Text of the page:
The first thing you need to do is create an image as your drawing canvas. To get an image object, call the createImage() method. createImage() is a method of the Component class, which we will discuss in Chapter 5, Components. Since Applet extends Component, you can call createImage() within an applet. When creating an application and extending Frame, createImage() returns null until the Frame's peer exists. To make sure that the peer exists, call addNotify() in the constructor, or make sure you call show() before calling createImage(). Here's the call to the createImage() method that we'll use to get an Image object:

Image im = createImage (300, 300); // width and height

Once you have an Image object, you have an area you can draw on. But how do you draw on it? There are no drawing methods associated with Image; they're all in the Graphics class. So we need to get a Graphics context from the Image. To do so, call the getGraphics() method of the Image class, and use that Graphics context for your drawing:

Graphics buf = im.getGraphics();

Now you can do all your drawings with buf. To display the drawing, the paint() method only needs to call drawImage(im, . . .). Note the hidden connection between the Graphics object, buf, and the Image you are creating, im. You draw onto buf; then you use drawImage() to render the image on the on-screen Graphics context within paint().

Another feature of buffering is that you do not have redraw the entire image with each call to paint(). The buffered image you're working on remains in memory, and you can add to it at will. If you are drawing directly to the screen, you would have to recreate the entire drawing each time paint() is called; remember, paint() always hands you a completely new Graphics object. Figure 2.16 shows how double buffering works.

Example 2.3 puts it all together for you. It plays a game, with one move drawn to the screen each cycle. We still do the drawing within paint(), but we draw into an offscreen buffer; that buffer is copied onto the screen by g.drawImage(im, 0, 0, this). If we were doing a lot of drawing, it would be a good idea to move the drawing operations into a different thread, but that would be overkill for this simple applet.

Example 2.3: Double Buffering--Who Won?

import java.awt.*;
import java.applet.*;
public class buffering extends Applet {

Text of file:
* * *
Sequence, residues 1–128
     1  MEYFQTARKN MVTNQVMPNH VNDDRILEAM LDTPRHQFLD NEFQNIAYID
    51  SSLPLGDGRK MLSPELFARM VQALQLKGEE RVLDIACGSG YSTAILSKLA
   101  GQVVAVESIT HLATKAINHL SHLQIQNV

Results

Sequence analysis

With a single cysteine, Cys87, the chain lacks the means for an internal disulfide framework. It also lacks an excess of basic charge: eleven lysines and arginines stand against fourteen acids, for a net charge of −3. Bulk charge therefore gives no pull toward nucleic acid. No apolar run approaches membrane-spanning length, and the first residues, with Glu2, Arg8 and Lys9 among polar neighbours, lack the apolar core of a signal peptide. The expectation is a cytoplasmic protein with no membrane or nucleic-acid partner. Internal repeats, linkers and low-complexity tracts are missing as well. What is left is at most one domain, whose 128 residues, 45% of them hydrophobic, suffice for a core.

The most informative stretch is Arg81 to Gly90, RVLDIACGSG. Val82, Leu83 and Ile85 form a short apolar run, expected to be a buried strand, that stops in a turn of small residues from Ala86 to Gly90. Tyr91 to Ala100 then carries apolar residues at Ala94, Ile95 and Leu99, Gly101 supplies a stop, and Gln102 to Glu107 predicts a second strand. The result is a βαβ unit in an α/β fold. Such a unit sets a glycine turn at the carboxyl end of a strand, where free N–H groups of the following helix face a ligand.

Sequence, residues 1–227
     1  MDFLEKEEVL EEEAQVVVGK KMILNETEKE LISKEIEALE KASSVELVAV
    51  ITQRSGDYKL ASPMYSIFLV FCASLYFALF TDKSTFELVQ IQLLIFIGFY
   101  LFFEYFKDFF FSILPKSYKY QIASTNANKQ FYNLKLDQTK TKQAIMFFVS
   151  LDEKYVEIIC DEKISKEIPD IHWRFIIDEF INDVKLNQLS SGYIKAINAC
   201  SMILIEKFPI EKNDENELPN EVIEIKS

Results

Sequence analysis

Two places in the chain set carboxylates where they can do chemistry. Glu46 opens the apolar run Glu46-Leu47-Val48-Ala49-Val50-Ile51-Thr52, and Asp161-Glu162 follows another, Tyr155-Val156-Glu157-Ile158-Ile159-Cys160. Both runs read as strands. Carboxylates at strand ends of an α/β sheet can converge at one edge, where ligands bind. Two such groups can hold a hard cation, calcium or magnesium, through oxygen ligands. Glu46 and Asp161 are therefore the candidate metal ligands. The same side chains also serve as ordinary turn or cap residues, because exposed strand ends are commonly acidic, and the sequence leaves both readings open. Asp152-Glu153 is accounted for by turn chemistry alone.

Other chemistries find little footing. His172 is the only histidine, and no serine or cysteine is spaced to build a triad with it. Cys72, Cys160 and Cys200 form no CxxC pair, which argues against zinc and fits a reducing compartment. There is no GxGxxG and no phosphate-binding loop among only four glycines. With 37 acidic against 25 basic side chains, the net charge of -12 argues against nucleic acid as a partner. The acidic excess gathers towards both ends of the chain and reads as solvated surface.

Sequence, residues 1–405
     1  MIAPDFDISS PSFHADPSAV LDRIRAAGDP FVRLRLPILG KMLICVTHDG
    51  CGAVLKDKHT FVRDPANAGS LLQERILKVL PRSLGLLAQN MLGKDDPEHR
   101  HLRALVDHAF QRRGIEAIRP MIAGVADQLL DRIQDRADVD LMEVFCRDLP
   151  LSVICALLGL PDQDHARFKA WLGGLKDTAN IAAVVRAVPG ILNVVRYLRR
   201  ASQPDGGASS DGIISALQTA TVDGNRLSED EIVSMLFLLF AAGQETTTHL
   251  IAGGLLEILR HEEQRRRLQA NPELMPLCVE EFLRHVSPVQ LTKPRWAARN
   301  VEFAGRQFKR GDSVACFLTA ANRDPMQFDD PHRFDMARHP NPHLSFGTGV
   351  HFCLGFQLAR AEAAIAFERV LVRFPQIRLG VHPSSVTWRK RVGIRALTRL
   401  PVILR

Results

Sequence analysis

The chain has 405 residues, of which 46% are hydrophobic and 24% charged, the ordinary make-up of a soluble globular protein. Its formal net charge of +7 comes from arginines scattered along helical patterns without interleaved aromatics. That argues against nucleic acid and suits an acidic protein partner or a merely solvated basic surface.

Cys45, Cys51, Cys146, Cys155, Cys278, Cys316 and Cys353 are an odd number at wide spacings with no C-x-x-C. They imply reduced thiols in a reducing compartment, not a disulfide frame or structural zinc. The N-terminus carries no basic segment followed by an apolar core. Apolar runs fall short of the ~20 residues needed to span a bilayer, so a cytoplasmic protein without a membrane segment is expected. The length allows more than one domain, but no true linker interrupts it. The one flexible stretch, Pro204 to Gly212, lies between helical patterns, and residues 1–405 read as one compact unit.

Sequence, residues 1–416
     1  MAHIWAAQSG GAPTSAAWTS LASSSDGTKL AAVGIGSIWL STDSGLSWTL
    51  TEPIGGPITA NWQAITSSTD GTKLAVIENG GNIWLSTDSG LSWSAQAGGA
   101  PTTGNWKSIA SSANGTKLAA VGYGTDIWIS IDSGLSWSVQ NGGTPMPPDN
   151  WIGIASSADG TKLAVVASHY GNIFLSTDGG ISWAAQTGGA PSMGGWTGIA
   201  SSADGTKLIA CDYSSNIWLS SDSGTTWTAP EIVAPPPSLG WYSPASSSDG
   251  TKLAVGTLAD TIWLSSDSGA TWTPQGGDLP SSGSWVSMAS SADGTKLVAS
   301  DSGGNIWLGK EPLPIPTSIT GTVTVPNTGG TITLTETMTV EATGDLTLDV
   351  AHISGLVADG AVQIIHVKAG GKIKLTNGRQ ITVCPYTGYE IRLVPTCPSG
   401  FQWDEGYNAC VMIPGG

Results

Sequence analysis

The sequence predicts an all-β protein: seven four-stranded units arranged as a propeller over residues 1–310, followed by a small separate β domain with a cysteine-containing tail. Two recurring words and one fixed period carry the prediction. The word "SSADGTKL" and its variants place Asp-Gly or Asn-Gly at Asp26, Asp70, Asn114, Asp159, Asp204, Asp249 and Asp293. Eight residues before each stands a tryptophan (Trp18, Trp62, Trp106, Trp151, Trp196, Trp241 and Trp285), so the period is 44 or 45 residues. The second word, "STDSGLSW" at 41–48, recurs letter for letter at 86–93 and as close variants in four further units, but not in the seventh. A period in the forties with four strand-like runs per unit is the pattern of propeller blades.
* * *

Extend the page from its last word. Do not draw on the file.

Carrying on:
Image im;
    Graphics buf;
    int pass=0;
    public void init () {
        // Create buffer
        im = createImage (size().width, size().height);
        // Get its graphics context
        buf = im.getGraphics();
        // Draw Board Once
        buf.setColor (;
        buf.drawLine (  0,  50, 150,  50);
        buf.drawLine (  0, 100, 150, 100);
        buf.drawLine ( 50,   0,  50, 150);
        buf.drawLine (100,   0, 100, 150);
        buf.setColor (;
    public void paint (Graphics g) {
        // Draw image - changes are written onto buf
        g.drawImage (im, 0, 0, this);
        // Make a move
        switch (pass) {
            case 0:
                buf.drawLine (50, 50, 100, 100);
                buf.drawLine (50, 100, 100, 50);
            case 1:
                buf.drawOval (0, 0, 50, 50);
            case 2:
                buf.drawLine (100, 0, 150, 50);
                buf.drawLine (150, 0, 100, 50);
            case 3:
                buf.drawOval (0, 100, 50, 50);
            case 4:
                buf.drawLine (0, 50, 50, 100);
                buf.drawLine (0, 100, 50, 50);
            case 5:
                buf.drawOval (100, 50, 50, 50);
            case 6:
                buf.drawLine (50,  0, 100, 50);
                buf.drawLine (50, 50, 100,  0);
            case 7:
                buf.drawOval (50, 100, 50, 50);
            case 8:
                buf.drawLine (100, 100, 150, 150);
                buf.drawLine (150, 100, 100, 150);
        if (pass <= 9)
            repaint (500);